Philip Kosloski graduated from the University of Saint Thomas in Minnesota with a Bachelor’s in Philosophy and Catholic Studies and completed his Master of Arts degree in Theology with the Augustine Institute. He is a writer and author of In the Footsteps of a Saint: John Paul II’s Visit to Wisconsin. He blogs at philipkosloski.com and writes to help all Catholics master the art of prayer by conquering the practical obstacles that prevent a fruitful relationship with Christ.
With news of the most recent act of senseless violence in Nice, France, we are reminded again of the need to prepare our own souls for the journey home. Terrorists strike when we are most off-guard and in the most ordinary circumstances of life. This means today could be your last day on this earth and you may not have the time to prepare your heart for a sudden death.
Are you ready?
There is an old saying that goes, “If the Lord tarries…” Typically it is said about the possibility of doing something in the future and is referencing the fact that Christ’s Second Coming could be here before the future event occurs. It is a healthy saying that reminds us life is short. We do not know what the day will bring or if we will make it to tomorrow.
The Second Coming of Christ may not happen today, but today could very well be our last day on earth.
This is hard to think about and to be honest, a little scary. We typically believe death is some event in the distant future. For example, it is common to say, “I will live my life to the full and when I am really old (like 100), I will start to think about God and death.”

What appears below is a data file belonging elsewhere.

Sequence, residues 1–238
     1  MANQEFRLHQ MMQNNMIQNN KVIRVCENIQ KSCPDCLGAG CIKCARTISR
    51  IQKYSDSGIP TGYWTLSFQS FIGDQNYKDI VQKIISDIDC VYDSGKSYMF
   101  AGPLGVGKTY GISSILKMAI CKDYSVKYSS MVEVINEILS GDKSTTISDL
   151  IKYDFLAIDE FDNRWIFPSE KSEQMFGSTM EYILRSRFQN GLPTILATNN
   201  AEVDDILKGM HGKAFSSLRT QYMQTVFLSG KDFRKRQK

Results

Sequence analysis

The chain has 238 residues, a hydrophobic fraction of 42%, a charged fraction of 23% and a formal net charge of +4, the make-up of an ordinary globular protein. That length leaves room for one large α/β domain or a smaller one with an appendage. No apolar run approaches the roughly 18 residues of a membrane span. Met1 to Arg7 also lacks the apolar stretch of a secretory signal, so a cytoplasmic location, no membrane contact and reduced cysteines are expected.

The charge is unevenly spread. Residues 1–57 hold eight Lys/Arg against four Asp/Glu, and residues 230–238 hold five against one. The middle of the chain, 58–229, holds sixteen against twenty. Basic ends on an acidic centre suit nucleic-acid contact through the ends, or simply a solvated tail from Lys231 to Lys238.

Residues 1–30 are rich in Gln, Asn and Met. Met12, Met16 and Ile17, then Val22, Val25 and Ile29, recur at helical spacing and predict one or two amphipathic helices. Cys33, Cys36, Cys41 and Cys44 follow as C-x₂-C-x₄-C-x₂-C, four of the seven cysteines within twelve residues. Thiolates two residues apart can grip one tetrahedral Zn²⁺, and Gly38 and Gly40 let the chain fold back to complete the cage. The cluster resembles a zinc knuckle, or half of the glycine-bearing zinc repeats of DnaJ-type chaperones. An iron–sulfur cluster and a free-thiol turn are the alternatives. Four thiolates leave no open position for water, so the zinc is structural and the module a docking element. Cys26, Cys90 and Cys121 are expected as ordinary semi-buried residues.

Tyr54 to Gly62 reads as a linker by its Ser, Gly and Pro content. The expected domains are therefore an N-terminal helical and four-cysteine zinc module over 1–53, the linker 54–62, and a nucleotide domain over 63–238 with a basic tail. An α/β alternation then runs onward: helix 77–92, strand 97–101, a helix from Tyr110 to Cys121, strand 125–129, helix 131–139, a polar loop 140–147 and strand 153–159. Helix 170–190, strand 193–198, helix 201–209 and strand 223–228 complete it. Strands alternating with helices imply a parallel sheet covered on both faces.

Even some Christians in the Early Church thought a person should wait until their deathbed to be baptized. It was an erroneous teaching, for we cannot presume we will have time to prepare for death.
What should I do? What are some things I can do so that death does not come like a “thief in the night?”
Don’t put off your preparations for eternity until tomorrow. Start today. Start now!
Search your heart and find what is holding you back from God. Bring everything out in the open before God and ask for help. God is not a vengeful God, who will strike you down because you are imperfect. He is merciful and desires to forgive you all of your sins.
Then, make a habit of going to the sacrament of confession. We need to start breaking the bonds of sin that are slowing us down. All of us are sinners and need the grace and love of God to live a Christian life.
We don’t need to be perfect when we die, but we do need to be divorced from a life of sin. We need to desire Him above all things and strive for holiness. We will fall, but the important part is getting back up.
In the end, death remains an aspect of our life that we can’t deny and choose to ignore. The day will come and it is up to us to be prepared for that day.
To conclude, here is a beautiful saying that one can see in the sacristies of the Sisters of the Missionaries of Charity all over the world and should be written in all of our hearts to remind us how to live life. The board says:
Priest of God,
Celebrate this Mass as if it is your first Mass,
Your last Mass and your only Mass.
Let us live each day as if it was our last and only day. Then it doesn’t matter if a terrorist destroys our body, he will never destroy our soul.